This recipe serves 10 people with ample leftovers, but can easily be halved or scaled down to serve two. For two, use one cup of rice, two cups of water, one big pinch of saffron and about 800g / 2lb of firm white fish.

The fish in this recipe should be a firm, meaty white fish like rockling or rockfish. Cod and grouper are too flaky.

  • Rosa

    What a delicious combination! This dish looks and sounds mouthwatering.



    • Yasmeen

      Thanks, Rosa – I’m really happy to be sharing this one today. The dish and the person are both very dear to me!

  • Pamela @ Brooklyn Farm Girl

    This looks like so delicious and full of flavor, I can practically smell it! Yum!

    • Yasmeen

      Full of flavor it is – frying the fish and onions in the same oil is really what does it. Sounds a bit full on but the result is magic.

  • Cara @ Gourmet Chick

    Sounds like a great holiday and how lovely to take away some delicious family recipes from it.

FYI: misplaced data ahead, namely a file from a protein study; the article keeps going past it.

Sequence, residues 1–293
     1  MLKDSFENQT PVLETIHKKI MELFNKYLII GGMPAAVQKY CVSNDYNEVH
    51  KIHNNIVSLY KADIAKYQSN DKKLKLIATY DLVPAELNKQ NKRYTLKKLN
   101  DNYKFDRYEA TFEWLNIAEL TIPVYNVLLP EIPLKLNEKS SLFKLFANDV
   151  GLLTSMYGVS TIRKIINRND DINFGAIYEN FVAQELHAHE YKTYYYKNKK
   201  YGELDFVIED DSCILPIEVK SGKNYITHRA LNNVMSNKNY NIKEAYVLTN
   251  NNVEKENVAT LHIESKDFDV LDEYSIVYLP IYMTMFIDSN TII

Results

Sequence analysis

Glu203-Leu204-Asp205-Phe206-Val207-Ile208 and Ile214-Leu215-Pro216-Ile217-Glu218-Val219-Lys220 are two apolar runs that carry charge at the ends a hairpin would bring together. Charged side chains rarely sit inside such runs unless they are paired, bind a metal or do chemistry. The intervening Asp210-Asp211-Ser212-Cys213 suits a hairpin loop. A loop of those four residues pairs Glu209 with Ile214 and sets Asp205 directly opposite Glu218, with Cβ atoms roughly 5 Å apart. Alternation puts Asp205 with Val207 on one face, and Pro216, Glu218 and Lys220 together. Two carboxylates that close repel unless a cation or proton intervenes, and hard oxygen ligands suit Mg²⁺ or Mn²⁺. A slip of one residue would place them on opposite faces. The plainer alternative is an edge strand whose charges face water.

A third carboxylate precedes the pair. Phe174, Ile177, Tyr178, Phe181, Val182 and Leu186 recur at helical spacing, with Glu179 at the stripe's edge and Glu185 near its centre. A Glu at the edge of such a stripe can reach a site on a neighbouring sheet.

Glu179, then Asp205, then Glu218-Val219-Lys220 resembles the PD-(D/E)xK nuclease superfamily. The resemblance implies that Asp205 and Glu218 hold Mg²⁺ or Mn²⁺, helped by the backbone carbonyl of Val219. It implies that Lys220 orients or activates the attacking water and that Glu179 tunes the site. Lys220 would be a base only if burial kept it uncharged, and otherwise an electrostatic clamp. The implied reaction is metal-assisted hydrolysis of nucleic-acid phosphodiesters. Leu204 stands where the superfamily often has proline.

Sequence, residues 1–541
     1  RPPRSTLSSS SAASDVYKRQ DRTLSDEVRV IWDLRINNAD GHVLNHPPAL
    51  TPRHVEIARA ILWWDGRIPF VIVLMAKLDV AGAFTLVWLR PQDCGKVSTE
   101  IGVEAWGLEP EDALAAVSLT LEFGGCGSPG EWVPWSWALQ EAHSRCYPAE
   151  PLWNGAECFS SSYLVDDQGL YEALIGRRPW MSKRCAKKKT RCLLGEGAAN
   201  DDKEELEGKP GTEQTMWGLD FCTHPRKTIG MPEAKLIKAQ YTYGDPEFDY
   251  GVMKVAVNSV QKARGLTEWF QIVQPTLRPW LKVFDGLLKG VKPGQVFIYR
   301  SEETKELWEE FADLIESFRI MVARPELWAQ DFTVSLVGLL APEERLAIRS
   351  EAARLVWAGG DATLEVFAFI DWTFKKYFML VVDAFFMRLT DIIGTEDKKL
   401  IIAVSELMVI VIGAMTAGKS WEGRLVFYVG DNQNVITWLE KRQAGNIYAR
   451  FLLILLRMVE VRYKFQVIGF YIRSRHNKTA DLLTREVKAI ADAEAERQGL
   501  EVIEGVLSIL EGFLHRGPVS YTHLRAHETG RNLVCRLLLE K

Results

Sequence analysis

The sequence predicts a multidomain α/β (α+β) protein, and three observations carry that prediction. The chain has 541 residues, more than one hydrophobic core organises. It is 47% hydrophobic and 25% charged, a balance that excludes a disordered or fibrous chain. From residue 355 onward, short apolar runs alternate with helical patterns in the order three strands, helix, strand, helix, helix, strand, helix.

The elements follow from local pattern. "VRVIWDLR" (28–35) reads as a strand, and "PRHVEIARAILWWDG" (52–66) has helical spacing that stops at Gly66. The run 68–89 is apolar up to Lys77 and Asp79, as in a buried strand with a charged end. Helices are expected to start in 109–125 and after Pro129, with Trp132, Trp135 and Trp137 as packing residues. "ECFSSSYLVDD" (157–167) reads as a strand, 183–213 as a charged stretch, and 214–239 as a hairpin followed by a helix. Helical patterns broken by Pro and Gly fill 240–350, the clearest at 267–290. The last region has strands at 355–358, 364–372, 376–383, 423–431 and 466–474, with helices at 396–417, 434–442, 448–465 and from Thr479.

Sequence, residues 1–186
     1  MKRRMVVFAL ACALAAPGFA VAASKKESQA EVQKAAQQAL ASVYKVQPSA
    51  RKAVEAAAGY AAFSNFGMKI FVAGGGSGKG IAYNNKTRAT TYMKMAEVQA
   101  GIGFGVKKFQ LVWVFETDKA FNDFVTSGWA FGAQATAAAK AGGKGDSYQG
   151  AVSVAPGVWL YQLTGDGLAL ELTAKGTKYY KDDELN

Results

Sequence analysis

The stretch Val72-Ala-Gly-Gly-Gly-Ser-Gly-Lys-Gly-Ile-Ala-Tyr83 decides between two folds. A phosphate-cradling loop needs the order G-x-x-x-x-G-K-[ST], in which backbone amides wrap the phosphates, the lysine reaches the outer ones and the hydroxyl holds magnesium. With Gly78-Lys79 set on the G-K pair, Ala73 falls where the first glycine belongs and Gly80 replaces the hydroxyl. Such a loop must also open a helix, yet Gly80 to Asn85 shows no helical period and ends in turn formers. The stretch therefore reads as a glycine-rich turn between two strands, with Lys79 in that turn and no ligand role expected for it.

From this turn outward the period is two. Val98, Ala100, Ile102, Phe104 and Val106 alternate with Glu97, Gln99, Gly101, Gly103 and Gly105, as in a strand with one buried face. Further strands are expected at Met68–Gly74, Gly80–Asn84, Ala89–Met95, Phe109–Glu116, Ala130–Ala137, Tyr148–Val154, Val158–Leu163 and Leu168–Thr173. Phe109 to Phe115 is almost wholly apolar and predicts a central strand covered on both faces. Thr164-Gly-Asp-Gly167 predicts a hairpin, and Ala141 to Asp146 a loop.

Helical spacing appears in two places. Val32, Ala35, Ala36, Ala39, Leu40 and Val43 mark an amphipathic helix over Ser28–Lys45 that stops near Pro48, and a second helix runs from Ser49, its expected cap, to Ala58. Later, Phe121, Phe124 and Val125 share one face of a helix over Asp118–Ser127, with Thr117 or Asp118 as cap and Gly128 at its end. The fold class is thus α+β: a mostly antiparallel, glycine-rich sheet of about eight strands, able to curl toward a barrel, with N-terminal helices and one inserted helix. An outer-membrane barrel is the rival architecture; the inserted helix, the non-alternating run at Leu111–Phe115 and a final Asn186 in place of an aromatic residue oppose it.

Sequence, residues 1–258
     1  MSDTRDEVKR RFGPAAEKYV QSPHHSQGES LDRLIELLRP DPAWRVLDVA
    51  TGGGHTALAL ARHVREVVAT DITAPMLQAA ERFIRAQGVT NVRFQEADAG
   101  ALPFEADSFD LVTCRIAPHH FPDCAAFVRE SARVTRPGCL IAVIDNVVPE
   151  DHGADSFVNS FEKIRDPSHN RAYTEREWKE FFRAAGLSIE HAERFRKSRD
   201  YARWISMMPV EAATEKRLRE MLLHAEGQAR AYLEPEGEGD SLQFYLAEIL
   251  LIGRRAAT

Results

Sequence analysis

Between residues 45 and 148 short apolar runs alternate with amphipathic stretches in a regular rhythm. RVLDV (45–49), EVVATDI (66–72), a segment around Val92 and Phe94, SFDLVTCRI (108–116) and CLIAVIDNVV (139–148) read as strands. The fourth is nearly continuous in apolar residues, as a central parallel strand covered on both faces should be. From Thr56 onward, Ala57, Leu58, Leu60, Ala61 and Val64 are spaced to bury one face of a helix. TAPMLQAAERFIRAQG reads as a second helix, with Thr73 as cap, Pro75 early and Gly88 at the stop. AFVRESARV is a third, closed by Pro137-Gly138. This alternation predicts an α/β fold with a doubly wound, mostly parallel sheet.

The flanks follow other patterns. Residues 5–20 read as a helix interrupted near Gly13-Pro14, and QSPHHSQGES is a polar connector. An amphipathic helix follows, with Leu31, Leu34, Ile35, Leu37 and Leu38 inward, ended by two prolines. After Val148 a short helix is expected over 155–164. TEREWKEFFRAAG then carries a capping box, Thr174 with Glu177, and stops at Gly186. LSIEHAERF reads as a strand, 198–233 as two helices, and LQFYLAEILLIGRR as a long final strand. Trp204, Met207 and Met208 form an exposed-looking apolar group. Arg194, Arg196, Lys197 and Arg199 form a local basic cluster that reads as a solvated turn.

• Yasmeen

      Thanks, Cara, it really was an important trip, all around.

  • Hannah

    This is so important. This is so important. I’ve been getting my parents to email me some of my tastes of home. Love love. So happy for you. x

    • Yasmeen

      It felt important. I’d wanted to learn it for years! Glad you are doing the same – it’s imperative we collect and continue passing these recipes down.

  • Asha Shivakumar

    Looks so delicious. Such a nice party dish.

    • Yasmeen

      Great thinking, Asha. It’s great for parties since it serves 10 and can be made a bit in advance. We always served this at family get-togethers.

  • msihua

    Oh wow! This makes me feel like I want to eat the whole thing and make a separate batch for other people.. MmMmm

    • Yasmeen

      Not a bad idea… I’m taking the leftovers to work tomorrow… you snooze, you lose, husband!

  • Lisa the Gourmet Wog

    WOW that is a serious amount of saffron! Is Lebanese saffron as expensive as the Spanish variety? Looks fabulous!

    • Yasmeen